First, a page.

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A new ambassador for the school in Hong Kong: Xavier Ferré!

A new ambassador for the school in Hong Kong: Xavier Ferré!

A new ambassador for the school in Hong Kong

After Myriam Picovschi in Canada, it’s the turn of Xavier Ferré to take on the role of school ambassador in Hong Kong. He completed a 2-year work-study program in Product Design in 2009 and has been based in Asia ever since – which makes him an ideal candidate to help newly arrived students and consolidate the local alumni network.

Upholding the school’s values, the ambassador is both the local point of contact for alumni and the school representative at Hong Kong events. Xavier Ferré, designer and 2009 alumni, is our new ambassador. We had a chat with this young expat who has adopted China as his home.

Xavier, can you tell us about your apprenticeship?

After my 1st year at L’École de design, I decided to continue my studies in BTS Design de produit par alternance. I started working for Le Coin des Enfants specialized in developing and manufacturing toys and decorations for children’s bedrooms. Alternating two weeks in the company in Machecoul with two weeks at school, I developed new product ranges for them including a fun playhouse made of foam. This product won first prize in the trends category at the “Jeux et Jouets” toy show in Paris.
As the two-year apprenticeship went so well, we made the decision to continue working together for another year in the Philippines. This meant I could finish the projects directly on the production site on the island of Cebu where the wooden toys are hand painted by local people.

And today?

After my experience in the Philippines, I then did a VIE (International Volunteer Program), also with Le Coin des Enfants to develop their production in China. Then I joined PSL who were developing an emergency telephone. Powered by two AA batteries, it holds its charge for around 15 years.
For the past five years I’ve been working for four companies in a international group: RPS (specialized in the manufacture and development of phone accessories for operators such as Vodafone and distributors like HAMA in Germany), Eyestyle (specialized in the distribution of luxury glasses brands - L.G.R, Kuboraum, JPlus, AM Eyewear, Lotho - or the development and production of prescription glasses and sunglasses for luxury brands), MYKITA Asia (distribution of high end glasses) and DesignLink (distributor in Asia of over 50 brands of designer furniture such as Tom Dixon, Stua, Moooi...). For these companies I work on everything from marketing stands for international fairs and merchandising tools for glasses stores (e.g. display units and window dressing), to developing concepts for stores in Asia, but also all the printing and advertising that we need for promoting our brands.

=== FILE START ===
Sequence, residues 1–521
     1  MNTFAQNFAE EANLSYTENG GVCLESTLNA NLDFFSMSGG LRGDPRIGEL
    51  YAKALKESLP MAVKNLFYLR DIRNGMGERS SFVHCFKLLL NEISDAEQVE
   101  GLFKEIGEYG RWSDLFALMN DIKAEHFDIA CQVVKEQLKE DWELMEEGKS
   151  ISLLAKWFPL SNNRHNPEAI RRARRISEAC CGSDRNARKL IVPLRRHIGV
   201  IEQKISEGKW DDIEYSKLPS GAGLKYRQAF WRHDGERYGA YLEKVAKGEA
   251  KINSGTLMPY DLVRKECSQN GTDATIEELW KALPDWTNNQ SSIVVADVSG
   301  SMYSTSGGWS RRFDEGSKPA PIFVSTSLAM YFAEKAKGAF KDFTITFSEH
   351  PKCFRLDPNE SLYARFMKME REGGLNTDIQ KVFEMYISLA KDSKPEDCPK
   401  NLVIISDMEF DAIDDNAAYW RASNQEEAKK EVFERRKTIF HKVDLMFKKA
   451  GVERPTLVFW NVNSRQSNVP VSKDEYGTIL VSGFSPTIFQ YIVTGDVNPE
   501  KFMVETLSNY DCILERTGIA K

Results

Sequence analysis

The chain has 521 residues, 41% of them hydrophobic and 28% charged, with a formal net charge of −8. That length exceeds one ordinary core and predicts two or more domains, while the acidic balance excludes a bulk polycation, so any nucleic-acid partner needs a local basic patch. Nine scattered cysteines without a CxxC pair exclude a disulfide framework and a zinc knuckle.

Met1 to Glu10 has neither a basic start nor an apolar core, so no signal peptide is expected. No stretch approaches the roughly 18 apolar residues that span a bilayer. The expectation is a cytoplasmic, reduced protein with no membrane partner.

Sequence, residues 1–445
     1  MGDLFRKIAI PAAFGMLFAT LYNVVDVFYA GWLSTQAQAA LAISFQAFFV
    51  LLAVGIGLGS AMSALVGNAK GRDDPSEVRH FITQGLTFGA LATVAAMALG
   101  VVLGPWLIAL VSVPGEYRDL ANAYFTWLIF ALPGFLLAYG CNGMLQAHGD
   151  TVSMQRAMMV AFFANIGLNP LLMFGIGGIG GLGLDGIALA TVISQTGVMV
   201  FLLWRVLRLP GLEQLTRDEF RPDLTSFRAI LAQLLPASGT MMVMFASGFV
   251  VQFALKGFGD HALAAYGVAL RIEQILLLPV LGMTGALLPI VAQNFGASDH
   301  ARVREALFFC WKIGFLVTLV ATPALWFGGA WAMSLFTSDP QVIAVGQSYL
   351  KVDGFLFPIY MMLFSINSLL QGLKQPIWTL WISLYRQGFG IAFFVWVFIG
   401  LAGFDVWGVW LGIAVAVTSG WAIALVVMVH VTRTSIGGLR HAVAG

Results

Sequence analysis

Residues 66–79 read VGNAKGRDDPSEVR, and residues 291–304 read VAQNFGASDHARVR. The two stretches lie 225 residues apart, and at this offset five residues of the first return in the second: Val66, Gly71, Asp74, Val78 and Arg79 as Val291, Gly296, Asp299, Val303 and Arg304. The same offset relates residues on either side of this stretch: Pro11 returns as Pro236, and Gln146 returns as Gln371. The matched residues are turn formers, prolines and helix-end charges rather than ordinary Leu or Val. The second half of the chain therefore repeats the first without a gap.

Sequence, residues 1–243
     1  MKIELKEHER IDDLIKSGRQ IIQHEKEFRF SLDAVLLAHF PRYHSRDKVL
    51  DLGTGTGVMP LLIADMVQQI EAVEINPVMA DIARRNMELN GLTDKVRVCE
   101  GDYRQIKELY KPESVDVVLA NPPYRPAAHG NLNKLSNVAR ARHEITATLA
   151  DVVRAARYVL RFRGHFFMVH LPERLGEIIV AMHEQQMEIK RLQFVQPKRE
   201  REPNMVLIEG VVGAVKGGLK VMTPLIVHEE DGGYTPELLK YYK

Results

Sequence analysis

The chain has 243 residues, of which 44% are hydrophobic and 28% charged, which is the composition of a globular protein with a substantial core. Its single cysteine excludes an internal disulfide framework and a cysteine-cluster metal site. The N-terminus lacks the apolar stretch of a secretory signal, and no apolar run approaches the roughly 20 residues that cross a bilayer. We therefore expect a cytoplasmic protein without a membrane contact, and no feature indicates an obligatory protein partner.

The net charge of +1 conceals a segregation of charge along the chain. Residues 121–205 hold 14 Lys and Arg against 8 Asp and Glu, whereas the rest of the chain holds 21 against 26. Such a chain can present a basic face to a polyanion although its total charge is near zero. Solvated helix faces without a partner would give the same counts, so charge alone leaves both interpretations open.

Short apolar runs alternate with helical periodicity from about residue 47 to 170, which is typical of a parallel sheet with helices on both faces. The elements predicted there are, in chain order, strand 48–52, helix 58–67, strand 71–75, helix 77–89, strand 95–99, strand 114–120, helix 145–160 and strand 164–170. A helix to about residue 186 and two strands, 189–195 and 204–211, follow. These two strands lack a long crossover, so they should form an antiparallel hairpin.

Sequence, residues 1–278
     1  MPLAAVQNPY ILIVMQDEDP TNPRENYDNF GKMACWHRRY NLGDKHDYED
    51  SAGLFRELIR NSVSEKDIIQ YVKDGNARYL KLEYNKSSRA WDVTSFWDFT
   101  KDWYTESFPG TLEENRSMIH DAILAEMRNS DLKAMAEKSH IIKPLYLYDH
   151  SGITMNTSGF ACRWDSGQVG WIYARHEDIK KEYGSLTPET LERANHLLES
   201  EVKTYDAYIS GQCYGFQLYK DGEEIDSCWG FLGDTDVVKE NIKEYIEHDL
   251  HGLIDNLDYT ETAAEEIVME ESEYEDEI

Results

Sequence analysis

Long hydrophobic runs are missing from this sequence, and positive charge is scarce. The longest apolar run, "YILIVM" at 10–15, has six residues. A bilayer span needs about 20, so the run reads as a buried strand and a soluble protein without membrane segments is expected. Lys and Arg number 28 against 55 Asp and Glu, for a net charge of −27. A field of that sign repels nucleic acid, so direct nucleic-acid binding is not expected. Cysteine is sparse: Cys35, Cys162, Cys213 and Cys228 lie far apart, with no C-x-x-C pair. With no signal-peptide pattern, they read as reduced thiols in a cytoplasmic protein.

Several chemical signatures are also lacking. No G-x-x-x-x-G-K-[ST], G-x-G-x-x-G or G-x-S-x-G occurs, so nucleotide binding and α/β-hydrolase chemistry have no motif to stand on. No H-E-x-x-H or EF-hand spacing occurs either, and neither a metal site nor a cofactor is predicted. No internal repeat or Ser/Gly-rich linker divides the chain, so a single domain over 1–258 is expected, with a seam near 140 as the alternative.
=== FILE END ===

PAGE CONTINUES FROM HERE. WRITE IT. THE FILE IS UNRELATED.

Why did you choose a career as an international designer? And why Hong Kong?

When I was working in the Philippines, I made several business trips to Hong Kong and I loved the pace of life of this city. 7.5 million people concentrated in a tiny and still relatively undeveloped territory – that leaves a lot of space for outdoor activities only 20 minutes from the city centre! It’s very easy to meet potential partners who can get involved in our projects, and the business world is one of the main topics of conversation at parties and events organised by the city or by local companies.
For me, after the years spent living here in Hong Kong, an international lifestyle was an obvious choice. I’ve found that my career as an industrial designer has evolved much more interestingly given the proximity of Chinese factories but also because French designers are recognized and valued. Since design and its processes are new for Asia, there were many more opportunities up for grabs.

You’ve been there for several years now. Can you tell us about the role of the designer in Asian society?

These days, many international companies decide to set up their design office in Asian capitals like Hong Kong, Tokyo, Singapore and Shanghai since Asian culture is often very different from Europe and the United States. Adapting to the local culture of these countries is essential for the success of brands. Mixing up teams of designers is the best way for companies to combine an understanding of local needs with the techniques and know-how of French designers for example.

What do you see yourself doing professionally in the future?

Having been a product manager and project manager for five years, I’d like to continue managing design teams but in bigger companies. Working for a brand and continuing to develop the brand image is also something dear to my heart. A future job as creative director is probably what I’d like best, so I can keep a foot in the creative process while managing design teams at the same time.

What do you think about your new title of Alumni Ambassador?

I’ve always enjoyed meeting new people, so being ambassador for L’École de design lets me continue doing what I love – meeting other people who are passionate about the world of design. Helping them discover the city where I have lived and found my inspiration for the past seven years. And why not attracting even more designers from the school to the Asian market as they’re in high demand!


Internship and Business Relations Coordinator